Determining that federal law applies solves only half the problem, however. Because no federal statute establishes a rule of decision in this case,[2] the Court must turn to federal common law. When federal common law applies, federal courts are free to use the "traditional common-law technique of decision and to draw upon all the sources of the common law ...." D'Oench, Duhme, 315 U.S. at 472, 62 S. Ct. at 686, 86 L. Ed. at 970 (Jackson, J., concurring). One such source is, of course, state law. For several reasons, the Court believes that in the instant case reference to Tennessee law is logical, essentially fair, and particularly appropriate, especially with regard to the substantive usury and breach of contract issues. First, the "source or nature of the right sued upon," a contract involving Tennessee real estate and intended to be performed entirely in Tennessee, appears to be a matter in which state law has the most substantial interest. See, e. g., In re Anjopa Paper & Board Manufacturing Co., 269 F. Supp. 241, 253 (S.D.N.Y. 1967). See also Watson v. McCabe, 527 F.2d 286 (6th Cir. 1975), rehearing denied, id. (1976). Second, since both the note and the loan agreement provided that the transaction would be governed by and construed in accordance with Tennessee law, neither party will be unfairly surprised by the application of Tennessee law. Finally, as was recognized in the D'Oench, Duhme case, "[m]any questions as to the liability of parties to commercial paper which comes into the hands of the [FDIC] will best be solved by applying the local law with reference to which the makers and the insured bank presumably contracted." 315 U.S. at 474, 62 S. Ct. at 687, 86 L. Ed. at 971 (Jackson, J., concurring). In light of these factors, the Court concludes that Tennessee law should be adopted as the federal common law that controls the decision on the substantive usury and breach of contract issues in this case.


A preliminary injunction may be issued to protect plaintiffs from irreparable harm and to preserve the Court's ability to effectuate its decision after a trial on the merits. The grant or denial of a preliminary injunction is within the Court's discretion, and the exercise of that discretion is the essence of its equitable powers. Roth v. Bank of the Commonwealth, 583 F.2d 527 (6th Cir. 1978); Dasco, Inc. v. American City Bank & Trust Co., 429 F. Supp. 767, 769 (D.Nev.1977). The Court must, however, exercise its discretion in accordance with *310 the standards for this kind of extraordinary relief. The four prerequisites of a preliminary injunction in federal court are a substantial likelihood that the plaintiff will prevail on the merits, a substantial threat that the plaintiff will suffer irreparable injury if the injunction is not granted, a showing that the threatened injury to the plaintiff is greater than the injury that would be inflicted on the defendant by grant of an injunction, and a showing that the injunction will not disserve the public interest. Roth, supra; Wright & Miller, Federal Practice and Procedure: Civil § 2948. As it appears that the public interest is not particularly implicated in this case, and that the potential injury to the defendant caused by the grant of an injunction would not be greater than that to the plaintiffs caused by denial of an injunction, the Court believes that those two prerequisites have been satisfied and will focus its inquiry on the "likelihood of success on the merits" and "irreparable injury" issues in order to reach its conclusion.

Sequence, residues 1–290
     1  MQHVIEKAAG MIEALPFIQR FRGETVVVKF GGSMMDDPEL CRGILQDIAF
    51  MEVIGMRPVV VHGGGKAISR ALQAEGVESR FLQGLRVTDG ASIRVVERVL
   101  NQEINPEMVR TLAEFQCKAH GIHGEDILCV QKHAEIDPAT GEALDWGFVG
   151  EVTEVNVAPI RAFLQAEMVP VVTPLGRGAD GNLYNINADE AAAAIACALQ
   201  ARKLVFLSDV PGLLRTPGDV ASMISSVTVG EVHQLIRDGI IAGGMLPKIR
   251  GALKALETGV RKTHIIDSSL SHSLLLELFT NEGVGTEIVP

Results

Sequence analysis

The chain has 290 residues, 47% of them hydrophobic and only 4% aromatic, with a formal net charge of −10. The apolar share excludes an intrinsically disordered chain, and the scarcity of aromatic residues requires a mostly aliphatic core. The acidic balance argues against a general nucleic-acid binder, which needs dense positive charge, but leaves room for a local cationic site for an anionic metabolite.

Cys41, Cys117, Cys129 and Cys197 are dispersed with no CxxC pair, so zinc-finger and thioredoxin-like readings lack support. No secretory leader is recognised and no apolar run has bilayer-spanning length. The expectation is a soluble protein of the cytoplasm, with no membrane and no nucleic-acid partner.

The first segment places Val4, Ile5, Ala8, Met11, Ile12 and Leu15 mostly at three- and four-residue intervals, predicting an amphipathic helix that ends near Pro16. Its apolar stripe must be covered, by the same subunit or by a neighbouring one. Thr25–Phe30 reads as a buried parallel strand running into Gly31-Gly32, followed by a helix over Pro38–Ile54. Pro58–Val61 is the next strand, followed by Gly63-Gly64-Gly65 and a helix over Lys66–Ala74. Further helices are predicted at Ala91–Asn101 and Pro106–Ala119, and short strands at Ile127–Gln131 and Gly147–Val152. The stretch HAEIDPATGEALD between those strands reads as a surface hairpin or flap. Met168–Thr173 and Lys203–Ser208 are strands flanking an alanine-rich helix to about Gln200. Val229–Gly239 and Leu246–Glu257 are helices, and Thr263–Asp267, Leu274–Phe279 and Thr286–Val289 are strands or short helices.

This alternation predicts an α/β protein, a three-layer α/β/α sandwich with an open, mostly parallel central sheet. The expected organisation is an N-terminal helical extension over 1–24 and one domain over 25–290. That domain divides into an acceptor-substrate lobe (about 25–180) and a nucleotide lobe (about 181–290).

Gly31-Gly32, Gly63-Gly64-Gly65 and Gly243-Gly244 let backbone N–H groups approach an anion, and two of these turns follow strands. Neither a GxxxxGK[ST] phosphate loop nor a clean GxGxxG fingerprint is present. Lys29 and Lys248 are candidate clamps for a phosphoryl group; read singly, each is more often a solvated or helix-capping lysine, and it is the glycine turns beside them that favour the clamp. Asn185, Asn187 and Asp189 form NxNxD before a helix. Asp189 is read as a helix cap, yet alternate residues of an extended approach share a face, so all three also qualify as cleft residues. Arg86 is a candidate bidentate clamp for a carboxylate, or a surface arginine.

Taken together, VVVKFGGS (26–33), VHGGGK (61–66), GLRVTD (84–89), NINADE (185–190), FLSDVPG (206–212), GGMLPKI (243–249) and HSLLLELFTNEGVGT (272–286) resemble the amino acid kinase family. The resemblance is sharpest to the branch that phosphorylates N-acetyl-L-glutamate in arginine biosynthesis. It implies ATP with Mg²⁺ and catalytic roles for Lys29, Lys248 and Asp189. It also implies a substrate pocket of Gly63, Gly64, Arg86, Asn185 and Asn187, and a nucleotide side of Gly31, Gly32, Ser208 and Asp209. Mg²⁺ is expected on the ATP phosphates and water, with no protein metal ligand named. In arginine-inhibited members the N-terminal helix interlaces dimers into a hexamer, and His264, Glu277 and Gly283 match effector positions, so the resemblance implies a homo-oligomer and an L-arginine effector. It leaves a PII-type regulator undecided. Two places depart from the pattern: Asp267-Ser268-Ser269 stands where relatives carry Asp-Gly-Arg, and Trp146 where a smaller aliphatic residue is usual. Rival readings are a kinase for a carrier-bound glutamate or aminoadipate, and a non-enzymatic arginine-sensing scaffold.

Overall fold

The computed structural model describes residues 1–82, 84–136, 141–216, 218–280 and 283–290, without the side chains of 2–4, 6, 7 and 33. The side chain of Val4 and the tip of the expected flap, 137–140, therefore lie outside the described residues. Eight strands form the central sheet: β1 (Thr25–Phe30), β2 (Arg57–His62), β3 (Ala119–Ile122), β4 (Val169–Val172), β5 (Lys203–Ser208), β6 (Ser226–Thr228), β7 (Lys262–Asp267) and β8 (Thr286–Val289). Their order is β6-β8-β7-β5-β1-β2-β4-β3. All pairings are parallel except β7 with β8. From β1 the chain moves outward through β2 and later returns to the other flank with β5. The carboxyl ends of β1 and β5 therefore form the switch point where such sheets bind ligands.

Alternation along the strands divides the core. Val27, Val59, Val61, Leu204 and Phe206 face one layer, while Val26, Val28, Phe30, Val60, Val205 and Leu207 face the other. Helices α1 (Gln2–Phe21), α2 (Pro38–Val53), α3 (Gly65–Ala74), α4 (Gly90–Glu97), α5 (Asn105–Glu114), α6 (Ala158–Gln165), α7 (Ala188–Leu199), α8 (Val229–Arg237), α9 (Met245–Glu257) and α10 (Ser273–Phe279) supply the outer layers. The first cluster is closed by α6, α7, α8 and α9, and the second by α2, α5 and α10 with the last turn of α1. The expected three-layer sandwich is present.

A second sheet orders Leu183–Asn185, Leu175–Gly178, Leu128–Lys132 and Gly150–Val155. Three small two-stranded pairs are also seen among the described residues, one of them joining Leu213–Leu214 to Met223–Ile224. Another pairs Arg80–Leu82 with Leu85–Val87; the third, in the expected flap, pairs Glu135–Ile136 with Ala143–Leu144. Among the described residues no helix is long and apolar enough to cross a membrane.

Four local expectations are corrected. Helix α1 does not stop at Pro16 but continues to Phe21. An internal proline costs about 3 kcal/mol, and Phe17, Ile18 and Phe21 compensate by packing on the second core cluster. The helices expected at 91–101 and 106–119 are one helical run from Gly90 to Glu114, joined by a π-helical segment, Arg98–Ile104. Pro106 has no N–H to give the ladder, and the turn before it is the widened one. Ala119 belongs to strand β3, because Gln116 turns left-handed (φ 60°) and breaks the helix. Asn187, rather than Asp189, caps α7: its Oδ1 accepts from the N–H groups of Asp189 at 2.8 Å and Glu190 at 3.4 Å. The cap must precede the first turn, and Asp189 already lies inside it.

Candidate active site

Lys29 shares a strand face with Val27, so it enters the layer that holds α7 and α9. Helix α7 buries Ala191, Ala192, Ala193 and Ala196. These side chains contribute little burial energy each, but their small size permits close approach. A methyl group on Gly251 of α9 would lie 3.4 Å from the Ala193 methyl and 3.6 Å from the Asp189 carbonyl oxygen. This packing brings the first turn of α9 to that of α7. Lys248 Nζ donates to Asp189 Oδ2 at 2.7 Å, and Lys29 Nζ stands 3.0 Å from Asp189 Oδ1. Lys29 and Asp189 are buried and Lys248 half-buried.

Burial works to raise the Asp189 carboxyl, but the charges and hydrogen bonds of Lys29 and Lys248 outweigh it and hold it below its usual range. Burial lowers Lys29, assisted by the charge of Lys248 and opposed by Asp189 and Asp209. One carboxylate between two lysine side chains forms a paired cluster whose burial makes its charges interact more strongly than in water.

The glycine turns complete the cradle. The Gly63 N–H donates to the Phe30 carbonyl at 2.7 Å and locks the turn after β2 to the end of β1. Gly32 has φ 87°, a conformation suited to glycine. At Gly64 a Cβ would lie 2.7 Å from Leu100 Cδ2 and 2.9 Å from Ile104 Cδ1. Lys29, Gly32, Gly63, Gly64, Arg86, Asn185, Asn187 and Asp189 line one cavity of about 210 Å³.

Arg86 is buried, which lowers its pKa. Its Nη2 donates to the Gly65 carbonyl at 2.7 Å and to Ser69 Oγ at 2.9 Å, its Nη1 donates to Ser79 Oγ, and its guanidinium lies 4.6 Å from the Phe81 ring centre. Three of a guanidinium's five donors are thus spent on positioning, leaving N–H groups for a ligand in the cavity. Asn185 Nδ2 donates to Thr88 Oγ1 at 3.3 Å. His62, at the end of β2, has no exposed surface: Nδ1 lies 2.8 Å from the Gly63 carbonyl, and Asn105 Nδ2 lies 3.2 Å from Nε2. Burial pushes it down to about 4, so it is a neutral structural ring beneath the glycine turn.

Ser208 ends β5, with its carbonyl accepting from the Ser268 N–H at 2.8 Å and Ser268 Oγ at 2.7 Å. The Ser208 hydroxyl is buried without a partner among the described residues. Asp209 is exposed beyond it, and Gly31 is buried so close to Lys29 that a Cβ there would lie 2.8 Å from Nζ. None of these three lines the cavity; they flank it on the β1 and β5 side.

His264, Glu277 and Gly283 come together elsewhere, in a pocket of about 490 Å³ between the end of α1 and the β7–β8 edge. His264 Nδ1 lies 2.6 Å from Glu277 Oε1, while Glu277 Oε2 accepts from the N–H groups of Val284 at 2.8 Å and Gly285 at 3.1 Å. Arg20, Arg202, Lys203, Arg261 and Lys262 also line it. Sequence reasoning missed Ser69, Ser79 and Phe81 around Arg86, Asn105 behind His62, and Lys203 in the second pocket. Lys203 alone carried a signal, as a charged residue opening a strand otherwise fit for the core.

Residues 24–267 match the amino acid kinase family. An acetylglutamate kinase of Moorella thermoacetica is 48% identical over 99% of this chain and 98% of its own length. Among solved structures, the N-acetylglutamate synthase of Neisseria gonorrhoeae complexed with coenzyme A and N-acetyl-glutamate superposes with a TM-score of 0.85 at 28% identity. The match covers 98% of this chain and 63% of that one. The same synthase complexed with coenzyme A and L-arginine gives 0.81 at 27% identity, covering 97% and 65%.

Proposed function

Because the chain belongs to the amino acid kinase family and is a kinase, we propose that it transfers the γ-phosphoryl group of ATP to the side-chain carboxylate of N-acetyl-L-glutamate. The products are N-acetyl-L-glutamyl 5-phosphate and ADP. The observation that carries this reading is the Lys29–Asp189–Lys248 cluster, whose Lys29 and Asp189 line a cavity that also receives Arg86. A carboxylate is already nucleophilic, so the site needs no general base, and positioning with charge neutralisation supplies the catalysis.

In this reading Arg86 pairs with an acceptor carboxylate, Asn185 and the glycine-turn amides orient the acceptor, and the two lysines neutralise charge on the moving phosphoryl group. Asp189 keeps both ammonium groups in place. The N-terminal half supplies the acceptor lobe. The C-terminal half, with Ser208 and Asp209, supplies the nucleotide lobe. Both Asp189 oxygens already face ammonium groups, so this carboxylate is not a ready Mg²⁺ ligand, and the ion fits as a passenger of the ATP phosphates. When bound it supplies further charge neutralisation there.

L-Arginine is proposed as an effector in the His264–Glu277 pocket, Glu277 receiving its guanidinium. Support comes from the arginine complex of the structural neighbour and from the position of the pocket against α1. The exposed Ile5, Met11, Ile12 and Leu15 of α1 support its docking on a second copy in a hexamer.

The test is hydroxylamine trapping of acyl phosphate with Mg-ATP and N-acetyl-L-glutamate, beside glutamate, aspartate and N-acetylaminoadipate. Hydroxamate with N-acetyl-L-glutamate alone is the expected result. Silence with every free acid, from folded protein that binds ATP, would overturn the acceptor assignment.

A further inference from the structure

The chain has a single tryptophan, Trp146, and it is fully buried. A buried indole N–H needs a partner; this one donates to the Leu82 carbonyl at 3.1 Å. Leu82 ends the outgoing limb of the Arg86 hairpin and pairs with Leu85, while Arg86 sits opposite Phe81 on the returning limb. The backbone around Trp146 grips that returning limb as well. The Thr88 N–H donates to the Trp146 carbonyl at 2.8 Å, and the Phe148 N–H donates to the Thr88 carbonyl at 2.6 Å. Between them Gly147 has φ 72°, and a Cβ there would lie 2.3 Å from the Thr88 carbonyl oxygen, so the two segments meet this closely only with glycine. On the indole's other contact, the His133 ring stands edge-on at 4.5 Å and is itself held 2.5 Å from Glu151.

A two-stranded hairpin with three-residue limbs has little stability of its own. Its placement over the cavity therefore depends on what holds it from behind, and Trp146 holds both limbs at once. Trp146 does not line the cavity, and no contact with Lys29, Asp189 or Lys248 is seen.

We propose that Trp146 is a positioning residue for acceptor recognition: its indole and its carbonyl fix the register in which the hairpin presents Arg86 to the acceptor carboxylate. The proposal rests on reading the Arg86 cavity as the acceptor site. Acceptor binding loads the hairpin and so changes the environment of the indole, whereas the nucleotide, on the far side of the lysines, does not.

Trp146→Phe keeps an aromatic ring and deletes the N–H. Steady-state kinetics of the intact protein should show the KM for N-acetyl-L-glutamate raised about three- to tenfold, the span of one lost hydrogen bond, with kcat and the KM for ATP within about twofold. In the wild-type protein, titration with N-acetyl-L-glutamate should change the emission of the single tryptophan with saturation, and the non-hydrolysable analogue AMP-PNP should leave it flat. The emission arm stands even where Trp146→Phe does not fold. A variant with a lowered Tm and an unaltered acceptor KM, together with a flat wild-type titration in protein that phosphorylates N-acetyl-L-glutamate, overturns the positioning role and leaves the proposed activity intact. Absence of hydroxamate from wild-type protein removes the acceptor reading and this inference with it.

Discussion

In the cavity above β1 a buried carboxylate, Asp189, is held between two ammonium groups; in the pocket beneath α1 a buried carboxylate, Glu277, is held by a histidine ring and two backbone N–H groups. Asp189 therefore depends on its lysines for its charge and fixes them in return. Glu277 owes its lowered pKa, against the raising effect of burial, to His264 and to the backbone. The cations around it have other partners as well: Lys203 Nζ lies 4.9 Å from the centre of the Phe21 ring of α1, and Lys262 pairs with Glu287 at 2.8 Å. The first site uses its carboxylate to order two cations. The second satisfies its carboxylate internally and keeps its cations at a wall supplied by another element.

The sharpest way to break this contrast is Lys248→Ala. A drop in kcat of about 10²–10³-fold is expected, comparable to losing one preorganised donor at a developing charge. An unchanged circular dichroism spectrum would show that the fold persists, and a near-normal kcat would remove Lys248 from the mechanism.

A. Substantial Likelihood of Success on the Merits

In order to establish a substantial likelihood of success on the merits, plaintiffs need only raise "questions going to the merits so serious, substantial, difficult and doubtful, as to make them fair ground for litigation and thus for more deliberate investigation." Roth, supra, at 537 (6th Cir. 1978); Brandeis Machinery & Supply Corp. v. Barber-Greene Co., 503 F.2d 503, 505 (6th Cir. 1974); Hamilton Watch Co. v. Benrus Watch Co., 206 F.2d 738, 740 (2d Cir. 1953). Plaintiffs are not required to establish their right to relief "wholly without doubt," Stenberg v. Cheker Oil Co., 573 F.2d 921, 924 (6th Cir. 1978); Hamilton Watch Co., supra; and this Court is required only to "satisfy itself, not that the plaintiff certainly has a right, but that he has a fair question to raise as to the existence of such a right." Brandeis Machinery & Supply Corp., supra; American Federation of Musicians v. Stein, 213 F.2d 679, 683 (6th Cir.), cert. denied, 348 U.S. 873, 76 S. Ct. 108, 99 L. Ed. 687 (1954). These principles and authorities strongly indicate that the standard that must be met in order to establish the requisite likelihood of success on the merits is not a particularly stringent one.